BEIJING (Reuters) -- Chinese President Xi Jinping told Henry Kissinger that "old friends" like him will never be forgotten, striking an easy tone in their meeting in China's capital on Thursday, amid efforts by Beijing and Washington to mend frayed ties.
"Once again, China and the U.S. are at a crossroads of where to go from here, and once again, both sides need to make a choice," Xi told the 100-year-old former U.S. diplomat.
Kissinger played a key diplomatic role in normalizing ties between Washington and Beijing in the 1970s when he served as secretary of state and national security advisor in the administrations of presidents Richard Nixon and Gerald Ford.
"The Chinese people never forget their old friends, and Sino-U.S. relations will always be linked with the name of Henry Kissinger," Xi told Kissinger at the Diaoyutai State Guesthouse, where foreign dignitaries are often received.
Kissinger, who is widely respected in China and has paid regular visits since leaving office, said he was grateful Beijing had arranged the meeting in the building where he first met with a Chinese leader.
"The relationship between our two countries is a matter of world peace and the progress of human society," China's state broadcaster CCTV cited Kissinger as saying.
His visit to China comes at a time when the two super powers are embarking on a course to stop their relations, already at historic lows, from sinking further.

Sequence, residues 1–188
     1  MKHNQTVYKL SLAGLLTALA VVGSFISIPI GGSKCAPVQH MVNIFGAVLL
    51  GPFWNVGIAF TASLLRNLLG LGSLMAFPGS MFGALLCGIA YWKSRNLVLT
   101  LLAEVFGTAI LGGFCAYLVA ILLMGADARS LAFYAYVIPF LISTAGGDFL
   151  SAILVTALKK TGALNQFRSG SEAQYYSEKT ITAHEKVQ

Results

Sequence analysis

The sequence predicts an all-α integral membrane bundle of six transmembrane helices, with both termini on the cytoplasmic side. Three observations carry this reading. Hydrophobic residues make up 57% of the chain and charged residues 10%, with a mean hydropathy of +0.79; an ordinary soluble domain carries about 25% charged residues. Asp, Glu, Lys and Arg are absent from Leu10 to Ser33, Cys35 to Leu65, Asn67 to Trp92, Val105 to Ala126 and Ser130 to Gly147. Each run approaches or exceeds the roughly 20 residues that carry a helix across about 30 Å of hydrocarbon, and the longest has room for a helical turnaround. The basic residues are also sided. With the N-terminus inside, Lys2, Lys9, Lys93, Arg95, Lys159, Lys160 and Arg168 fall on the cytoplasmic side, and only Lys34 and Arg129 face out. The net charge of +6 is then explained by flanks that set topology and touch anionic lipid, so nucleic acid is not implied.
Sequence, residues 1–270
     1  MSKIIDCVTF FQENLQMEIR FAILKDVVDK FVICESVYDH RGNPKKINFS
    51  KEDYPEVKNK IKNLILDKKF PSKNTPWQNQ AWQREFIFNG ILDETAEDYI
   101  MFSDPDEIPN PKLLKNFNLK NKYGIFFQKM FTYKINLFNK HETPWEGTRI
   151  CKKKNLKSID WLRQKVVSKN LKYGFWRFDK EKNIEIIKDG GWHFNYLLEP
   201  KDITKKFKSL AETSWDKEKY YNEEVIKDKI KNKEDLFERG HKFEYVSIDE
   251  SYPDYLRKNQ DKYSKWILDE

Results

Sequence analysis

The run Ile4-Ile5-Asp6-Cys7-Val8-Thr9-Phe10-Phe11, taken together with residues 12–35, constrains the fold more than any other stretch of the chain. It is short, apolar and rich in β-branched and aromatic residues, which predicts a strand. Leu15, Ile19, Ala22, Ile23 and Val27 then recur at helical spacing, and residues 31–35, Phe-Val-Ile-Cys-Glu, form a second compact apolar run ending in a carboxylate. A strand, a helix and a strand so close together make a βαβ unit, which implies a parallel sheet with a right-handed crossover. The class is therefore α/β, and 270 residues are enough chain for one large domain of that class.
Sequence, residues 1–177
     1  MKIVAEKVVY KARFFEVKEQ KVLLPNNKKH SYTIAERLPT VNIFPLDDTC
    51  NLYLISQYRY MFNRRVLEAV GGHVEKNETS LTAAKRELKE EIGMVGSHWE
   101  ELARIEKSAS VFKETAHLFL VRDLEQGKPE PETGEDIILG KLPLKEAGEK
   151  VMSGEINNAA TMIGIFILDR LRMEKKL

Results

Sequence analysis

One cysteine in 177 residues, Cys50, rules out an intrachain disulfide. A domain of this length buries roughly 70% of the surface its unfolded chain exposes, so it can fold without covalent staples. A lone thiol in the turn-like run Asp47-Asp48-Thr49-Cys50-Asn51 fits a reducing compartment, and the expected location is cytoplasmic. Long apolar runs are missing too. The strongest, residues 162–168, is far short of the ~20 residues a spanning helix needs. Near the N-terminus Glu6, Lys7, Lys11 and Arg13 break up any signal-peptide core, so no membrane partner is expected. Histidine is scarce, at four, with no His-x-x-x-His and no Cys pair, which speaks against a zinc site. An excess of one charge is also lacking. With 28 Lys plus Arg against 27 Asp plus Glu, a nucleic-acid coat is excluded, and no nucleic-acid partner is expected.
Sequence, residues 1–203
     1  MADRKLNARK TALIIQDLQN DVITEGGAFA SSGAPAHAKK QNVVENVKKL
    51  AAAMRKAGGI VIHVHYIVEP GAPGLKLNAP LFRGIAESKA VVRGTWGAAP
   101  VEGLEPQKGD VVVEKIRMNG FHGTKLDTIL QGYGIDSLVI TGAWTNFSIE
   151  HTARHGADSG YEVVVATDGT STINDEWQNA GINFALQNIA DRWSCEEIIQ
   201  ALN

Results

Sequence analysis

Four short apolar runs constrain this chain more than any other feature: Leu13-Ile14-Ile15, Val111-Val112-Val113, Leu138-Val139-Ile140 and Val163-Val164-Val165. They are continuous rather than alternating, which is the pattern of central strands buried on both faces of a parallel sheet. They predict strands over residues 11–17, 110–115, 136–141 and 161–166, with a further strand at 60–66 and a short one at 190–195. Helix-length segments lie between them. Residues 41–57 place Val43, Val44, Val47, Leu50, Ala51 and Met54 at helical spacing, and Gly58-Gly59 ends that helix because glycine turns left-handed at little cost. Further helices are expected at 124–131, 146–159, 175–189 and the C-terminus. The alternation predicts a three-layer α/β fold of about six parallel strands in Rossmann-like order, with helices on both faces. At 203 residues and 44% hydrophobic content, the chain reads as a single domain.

"China is willing to explore with the U.S. side the correct way for the two countries to get along and promote the steady progress of China-U.S. relations," Xi said.
Tensions between the world's two largest economies have heightened over a range of issues, including the war in Ukraine, Taiwan and trade curbs.
As part of Washington's efforts to reestablish communication channels, U.S. presidential envoy John Kerry concluded his visit to China on Wednesday, which followed lengthy talks with Beijing on fighting climate change.
Current Secretary of State Antony Blinken was in Beijing last month.
Kissinger also met with China's top diplomat Wang Yi and with defense minister Li Shangfu on his trip, which Washington said was a private visit.